Historically Speaking

Making sense of it all!

Black Friday

Posted by Elyse Bruce on November 29, 2013

The expression Black Friday — outside of its use to describe the Friday after American Thanksgiving — is applied to any Friday when a public calamity happens. It’s most often applied to calamities that are associated with finances, however.

On July 16, 1966 the Leader-Post newspaper reported about Britain’s new economic crisis where millions of pounds were wiped off market value of shares according to a news story entitled, “Wilson Hit Hard On Black Friday.” The second paragraph reported:

It was called Black Friday in the financial district. It was a Black Friday for Wilson politically as well, with a stunning byelection defeat of the government and reports of a cabinet tussle between two senior ministers.

When the Telegraph-Herald and Times-Journal was rolled out on April 10, 1932 one of the news stories dated April 9, 1932 and out of Washington that dealt with the long deferred investigation of the New York stock exchange situation where a group of traders planned to raid the market in an attempt to collapse the market. The article read in part:

One member of the senate banking and currency committee declared the reports indicated the raiders hoped to cause a more sensational decline on prices than occurred on the “Black Friday” of October 1929.

Jumping back almost 50 years, an article was published on February 23, 1881 in the Owosso American newspaper that talked about the Funding Bill that forced banks to call in their loans and where brokers refused to buy stock on margins. It was reported that the stock exchange was in pandemonium. It was also reported that while the fall in stocks was significant, it was nothing equal to the panic of 1873. The article was entitled, “Another Black Friday In Wall Street.”

It was the New York Times edition of March 1, 1870 that spoke of the original Black Friday of September 24, 1869 when Jay Gould and James Fisk Jr. cause the gold market to collapse in an attempt to corner it. The Congressional Committee appointed to ask into the circumstances of that day head that Messrs. Gould and Fisk along with their associates had tried to force gold to 100 premium and in doing so, the gold market actually collapsed when President Ulysses S. Grant ordered a release of government gold for sale. The created the situation where gold prices to plummeted thereby creating a panic in the stock market. The article was entitled, “The History Of Black Friday.”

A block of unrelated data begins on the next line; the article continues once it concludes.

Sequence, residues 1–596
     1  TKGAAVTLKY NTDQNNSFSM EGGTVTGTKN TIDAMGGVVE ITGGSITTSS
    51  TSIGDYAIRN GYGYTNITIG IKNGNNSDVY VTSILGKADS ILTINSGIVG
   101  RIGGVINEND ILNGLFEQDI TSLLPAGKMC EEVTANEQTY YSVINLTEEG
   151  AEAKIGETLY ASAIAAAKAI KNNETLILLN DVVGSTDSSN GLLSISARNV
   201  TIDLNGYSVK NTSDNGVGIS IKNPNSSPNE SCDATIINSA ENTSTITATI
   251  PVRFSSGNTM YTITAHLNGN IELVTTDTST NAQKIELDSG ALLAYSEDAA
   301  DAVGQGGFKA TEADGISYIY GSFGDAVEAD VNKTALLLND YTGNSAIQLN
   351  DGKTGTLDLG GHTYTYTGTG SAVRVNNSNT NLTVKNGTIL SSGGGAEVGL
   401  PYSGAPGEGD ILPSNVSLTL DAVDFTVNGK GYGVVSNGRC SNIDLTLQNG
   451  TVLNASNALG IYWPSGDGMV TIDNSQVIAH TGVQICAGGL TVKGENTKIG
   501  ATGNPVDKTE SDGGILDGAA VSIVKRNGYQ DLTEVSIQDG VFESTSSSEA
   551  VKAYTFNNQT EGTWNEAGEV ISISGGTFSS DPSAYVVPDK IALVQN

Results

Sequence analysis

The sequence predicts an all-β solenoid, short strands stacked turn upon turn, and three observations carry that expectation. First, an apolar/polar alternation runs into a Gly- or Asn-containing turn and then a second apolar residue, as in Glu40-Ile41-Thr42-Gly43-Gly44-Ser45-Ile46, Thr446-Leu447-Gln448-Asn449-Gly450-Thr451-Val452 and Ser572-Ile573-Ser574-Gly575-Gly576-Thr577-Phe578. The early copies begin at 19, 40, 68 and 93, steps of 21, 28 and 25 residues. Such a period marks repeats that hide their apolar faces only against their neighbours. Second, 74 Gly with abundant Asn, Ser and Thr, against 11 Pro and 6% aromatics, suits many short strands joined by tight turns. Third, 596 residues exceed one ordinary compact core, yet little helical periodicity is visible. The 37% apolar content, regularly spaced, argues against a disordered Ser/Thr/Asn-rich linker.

At the time, Black Friday caused a scandal as some speculated that President Ulysses S. Grant (27 April 1822 – 23 July 1885) had been complicit in the scheme. This potential scenario was offered up in light of the fact that the president’s brother-in-law, Abel Rathbone Corbin (May 24, 1808 – March 28, 1881) and Secretary of the Treasury, George Sewall Boutwell (January 28, 1818 – February 27, 1905) were involved in the scheme, coupled with the fact that President Grant had personal associations with Messrs. Gould and Fisk Jr.

The use of the expression Black Friday first appeared with this scandal and for this reason, Black Friday is pegged to this event in history back in 1869.

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